I hardly ever have nightmares. Sometimes I dream I’m missing a plane, running late or am back in school, but those dreams are more tiring and annoying than scary. When I was working newspaper copy desks, I often dreamed I was 12 hours past deadline getting the paper to press. That was a little scary, but I’m pretty sure that if you dream about work, you’re allowed to put that down as overtime. So I did.
My wife, however, does occasionally have nightmares. When “The Walking Dead” is in season, that usually means zombies are involved. But now that commercials for Stephen King’s “It” are airing and “American Horror Story” has been invaded by killer clowns, the zombies have been overthrown by clowns.
I don’t fear clowns, so I don’t really understand how somebody can suffer from coulrophobia, but apparently people do. When I tell someone I have no fear of clowns, they’ll respond with something like, “Well, you would if one were trying to kill you!”
Well, yes, I would. I also would be scared of a mailman or fast-food worker who wanted to kill me, but I’m not going to hold it against the whole post office or fast-food industry. Heck, McDonald’s spokesperson has been a clown for decades, but he’s a good clown who merely wants to kill people with greasy food — one of the best ways to go, in my opinion.
Never miss a local story.
This coulrophobia sweeping the nation has been building since Stephen King first released the book “It,” followed by a silly miniseries with Tim Curry portraying the creepy clown terrorizing kids. It got even worse last year when people started to report clowns simply standing in the woods or in open fields, doing absolutely nothing. I see people standing around doing nothing all the time, but I don’t report it to the cops. We’d have to arrest the entire U.S. Congress.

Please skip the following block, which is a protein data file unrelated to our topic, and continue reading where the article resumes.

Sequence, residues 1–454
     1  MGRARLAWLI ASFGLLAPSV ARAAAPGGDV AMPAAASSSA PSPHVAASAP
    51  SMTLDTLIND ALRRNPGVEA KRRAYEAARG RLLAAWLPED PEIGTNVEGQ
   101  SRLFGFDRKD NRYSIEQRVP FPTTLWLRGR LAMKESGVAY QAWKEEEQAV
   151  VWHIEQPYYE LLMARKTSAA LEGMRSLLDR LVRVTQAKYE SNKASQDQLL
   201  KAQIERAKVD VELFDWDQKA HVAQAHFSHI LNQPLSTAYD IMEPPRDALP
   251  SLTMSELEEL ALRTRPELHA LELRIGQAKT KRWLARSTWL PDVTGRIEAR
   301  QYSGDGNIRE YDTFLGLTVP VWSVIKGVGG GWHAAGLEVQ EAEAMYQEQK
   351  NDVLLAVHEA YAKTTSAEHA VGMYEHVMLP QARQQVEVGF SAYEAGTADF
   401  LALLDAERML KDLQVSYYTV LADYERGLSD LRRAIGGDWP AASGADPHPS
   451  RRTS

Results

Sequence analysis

Last year, you could walk around with your assault rifle and talk of organizing a coup if Hillary won or you could put on a hockey mask and walk around with a machete and yet no one had a problem with it. But arm yourself with a squirting flower and a big red nose, and the SWAT teams rushed in while panicked mothers rushed their children to safety.
I feel bad for the real clowns out there — the ones who set out to do nothing more than to entertain children and make them happy. It’s gotten to the point that the World Clown Association and Clowns International have had to issue guidelines to help their members cope with the negative attention. I had no idea these groups existed, but I bet their conventions are thrilling — although I wonder if they are rival groups and ever square off in some gang-style clown fight, throwing water balloons at each other and smashing heads with giant foam hammers.
I say it’s time for clowns to stand up for themselves in their oversized shoes and pantomime their demands for respect. Clowns, get a dozen of your clown friends, pile into a tiny dune buggy and drive to your Congressional representative’s office and plead your case.
If that doesn’t work, defend yourselves by any means necessary. Our founding fathers enshrined your right to arm yourself with squirting flowers and guns with flag that reads, “BANG!” Use them.
To order Chris Johnson’s latest book, “Wastin’ Away on Margaritahill,” visit KudzuKid.com.